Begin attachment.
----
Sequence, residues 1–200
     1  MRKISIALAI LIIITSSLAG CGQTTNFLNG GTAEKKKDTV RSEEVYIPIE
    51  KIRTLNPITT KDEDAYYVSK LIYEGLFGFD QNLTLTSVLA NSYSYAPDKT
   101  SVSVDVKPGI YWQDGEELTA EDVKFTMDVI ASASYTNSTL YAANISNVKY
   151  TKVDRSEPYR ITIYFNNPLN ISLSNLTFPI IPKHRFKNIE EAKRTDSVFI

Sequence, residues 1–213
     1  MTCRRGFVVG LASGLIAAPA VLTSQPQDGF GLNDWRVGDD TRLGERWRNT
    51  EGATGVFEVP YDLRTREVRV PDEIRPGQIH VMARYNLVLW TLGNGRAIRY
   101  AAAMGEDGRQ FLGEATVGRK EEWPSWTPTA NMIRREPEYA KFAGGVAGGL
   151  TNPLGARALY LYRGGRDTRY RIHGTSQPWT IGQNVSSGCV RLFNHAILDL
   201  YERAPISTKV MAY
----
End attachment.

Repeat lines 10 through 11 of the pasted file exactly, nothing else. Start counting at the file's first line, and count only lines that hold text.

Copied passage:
   151  TNPLGARALY LYRGGRDTRY RIHGTSQPWT IGQNVSSGCV RLFNHAILDL
   201  YERAPISTKV MAY